Delivery

Instacart, Klarna lead thin IPO market heading into the New Year

Last year, Instacart slashed its valuation 38% to $24 billion, down from a pandemic-high of $39 billion.
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Francis Scialabba

· 4 min read

It’s a new year, which means a new crop of companies will tackle the IPO market. This year, however, there are fewer contenders, as investors are a lot more weary given the economic conditions.

But what’s the outlook for companies that have already filed an IPO and are expected to go public? Here’s what experts told us.

Instacart: The grocery delivery service shelved plans to go public last year, as factors such as inflation, fears of a recession, and the war in Ukraine scared off Wall Street. The pandemic ratcheted up the adoption of grocery delivery rapidly, but that effect essentially wore off by June of last year, Daniel McCarthy, assistant professor of marketing at Emory University, told Retail Brew.

The pandemic boost allowed the public to get a better idea of how Instacart would fare on the market, and McCarthy believes the company has a solid value proposition—so long as it targets a reasonable valuation.

  • Last year, the company slashed its valuation ~40% to $24 billion, down from a pandemic-high of $39 billion.

“We just left an era where valuations were significantly higher,” McCarthy said. “There was this hope they were holding on to that maybe they can still get there with that. Obviously, they’re going to be priced relative to…anything else that’s trading right now.”

While grocery delivery, by and large, is here to stay, there are questions as to how Instacart can compete moving forward, Michael Maloof, director of strategy and marketing at Earnest Analytics, told Retail Brew.

  • Given that 6% of consumers’ budgets is spent on groceries, much of that is concentrated in the largest grocery stores.
  • Additionally, discount grocers like Lidl and Aldi are outpacing in growth compared to the rest of the industry.
  • Maloof also mentioned the company will face stiffer competition from grocers like Kroger, which is expanding its partnership with Ocado to open more customer fulfillment centers for online grocery delivery. Kroger said it wants to double digital sales by the end of 2023.

“It’s not shoppers moving from going in store to Kroger to going online to buy from Kroger via Instacart, it’s really shoppers deciding to trade down to cheaper things right now,” he said. “If the consumer outlook worsens, that would probably be a trend that accelerates and further hurts Instacart’s prospects.”

Klarna: The buy now, pay later firm had a busy 2022, rolling out a slew of social shopping tools for customers and its merchant partners, while expanding its services to more brick-and-mortar locations. In July, the company took a major hit to its valuation, falling from $45.6 billion to $6.7 billion after a funding round. Klarna also laid off more than 10% of its workforce last year and lost $580 million in the first two quarters.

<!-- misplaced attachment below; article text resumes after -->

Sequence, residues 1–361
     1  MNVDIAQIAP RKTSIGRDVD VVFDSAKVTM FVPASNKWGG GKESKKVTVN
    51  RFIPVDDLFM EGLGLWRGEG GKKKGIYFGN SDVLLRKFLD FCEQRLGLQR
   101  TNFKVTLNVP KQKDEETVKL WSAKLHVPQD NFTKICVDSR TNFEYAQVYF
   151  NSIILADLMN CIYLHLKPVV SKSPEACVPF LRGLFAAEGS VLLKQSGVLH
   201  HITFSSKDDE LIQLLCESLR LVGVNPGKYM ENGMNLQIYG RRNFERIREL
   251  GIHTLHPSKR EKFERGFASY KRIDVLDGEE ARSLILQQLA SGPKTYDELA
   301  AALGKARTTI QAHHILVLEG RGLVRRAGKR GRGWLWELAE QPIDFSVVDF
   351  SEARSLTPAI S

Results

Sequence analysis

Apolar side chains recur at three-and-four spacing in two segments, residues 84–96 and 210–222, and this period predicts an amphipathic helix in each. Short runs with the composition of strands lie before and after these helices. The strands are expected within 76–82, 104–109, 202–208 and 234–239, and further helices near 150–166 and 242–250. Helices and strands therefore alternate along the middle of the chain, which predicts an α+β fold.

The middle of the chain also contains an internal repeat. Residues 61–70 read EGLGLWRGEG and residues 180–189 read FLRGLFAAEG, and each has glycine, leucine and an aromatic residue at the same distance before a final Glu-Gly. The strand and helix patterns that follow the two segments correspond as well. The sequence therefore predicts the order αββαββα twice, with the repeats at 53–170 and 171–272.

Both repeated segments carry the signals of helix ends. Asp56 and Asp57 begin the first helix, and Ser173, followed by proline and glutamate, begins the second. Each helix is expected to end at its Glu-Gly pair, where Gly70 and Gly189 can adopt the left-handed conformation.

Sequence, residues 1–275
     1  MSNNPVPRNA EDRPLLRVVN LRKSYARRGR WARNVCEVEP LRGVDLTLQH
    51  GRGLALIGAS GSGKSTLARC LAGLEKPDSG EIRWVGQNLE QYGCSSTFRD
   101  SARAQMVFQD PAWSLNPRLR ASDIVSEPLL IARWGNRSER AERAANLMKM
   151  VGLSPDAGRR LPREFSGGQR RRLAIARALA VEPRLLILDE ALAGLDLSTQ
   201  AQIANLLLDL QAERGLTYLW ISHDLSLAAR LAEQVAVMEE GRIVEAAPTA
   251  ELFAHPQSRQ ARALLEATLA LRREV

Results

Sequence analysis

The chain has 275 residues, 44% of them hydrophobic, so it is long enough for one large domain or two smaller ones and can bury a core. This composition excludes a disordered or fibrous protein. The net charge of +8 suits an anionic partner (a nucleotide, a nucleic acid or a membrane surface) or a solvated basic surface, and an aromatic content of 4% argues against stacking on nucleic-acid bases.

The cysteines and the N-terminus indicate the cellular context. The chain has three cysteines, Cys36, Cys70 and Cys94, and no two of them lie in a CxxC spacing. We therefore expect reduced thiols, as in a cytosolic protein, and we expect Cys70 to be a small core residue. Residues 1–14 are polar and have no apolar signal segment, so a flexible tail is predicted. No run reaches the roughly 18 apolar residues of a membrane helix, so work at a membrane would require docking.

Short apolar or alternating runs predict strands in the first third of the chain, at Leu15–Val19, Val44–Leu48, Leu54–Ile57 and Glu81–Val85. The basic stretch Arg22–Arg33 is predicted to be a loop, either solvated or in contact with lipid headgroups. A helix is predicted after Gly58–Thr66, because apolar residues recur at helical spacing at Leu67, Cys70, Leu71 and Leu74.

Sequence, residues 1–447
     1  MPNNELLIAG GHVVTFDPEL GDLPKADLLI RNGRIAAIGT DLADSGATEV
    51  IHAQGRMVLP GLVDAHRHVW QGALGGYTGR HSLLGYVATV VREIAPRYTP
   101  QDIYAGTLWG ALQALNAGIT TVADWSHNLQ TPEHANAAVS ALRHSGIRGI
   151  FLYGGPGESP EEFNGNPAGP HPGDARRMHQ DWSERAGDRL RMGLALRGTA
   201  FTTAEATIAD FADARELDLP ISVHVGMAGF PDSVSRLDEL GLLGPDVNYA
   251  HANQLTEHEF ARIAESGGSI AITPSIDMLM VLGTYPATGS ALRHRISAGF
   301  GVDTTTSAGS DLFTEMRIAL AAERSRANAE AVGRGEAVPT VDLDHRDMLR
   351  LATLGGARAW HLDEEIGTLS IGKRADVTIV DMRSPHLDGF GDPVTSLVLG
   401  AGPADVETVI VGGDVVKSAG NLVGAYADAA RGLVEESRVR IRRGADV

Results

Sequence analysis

• For what it’s worth, CEO Sebastian Siemiatkowski remains optimistic, telling CNBC he anticipates the company to return to profitability by this summer.

It’s been long speculated that Klarna will file an IPO at some point, and this year may be the time. The company is still adding new users despite decelerating transaction growth that peaked last January, Maloof said. Plus, the company is officially top dog as far as BNPL companies are concerned, with a larger market share (44.5%) than Affirm (19.6%) of total Q3 app downloads.

  • But the entire BNPL industry is facing the same headwinds: rising rates, economic uncertainty, and regulatory scrutiny.
  • In a tough economic climate, consumers are less willing to spend on discretionary items, which is where Klarna sees an inroad, Maloof said.
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“Affirm’s earnings results…raised serious doubts on whether really anyone in the BNPL space can be profitable right now,” Maloof said. “Despite record holiday spending, the consumer is slowing down right now.”

+1: The rest of the field is fairly thin. Stripe and Chime are two other fintech firms eyeing going public soon, but McCarthy said the information on them is far more sparse. “There is an element with some of these companies that could feel like subprime lenders, and we’re just starting to see all that shake itself out.”

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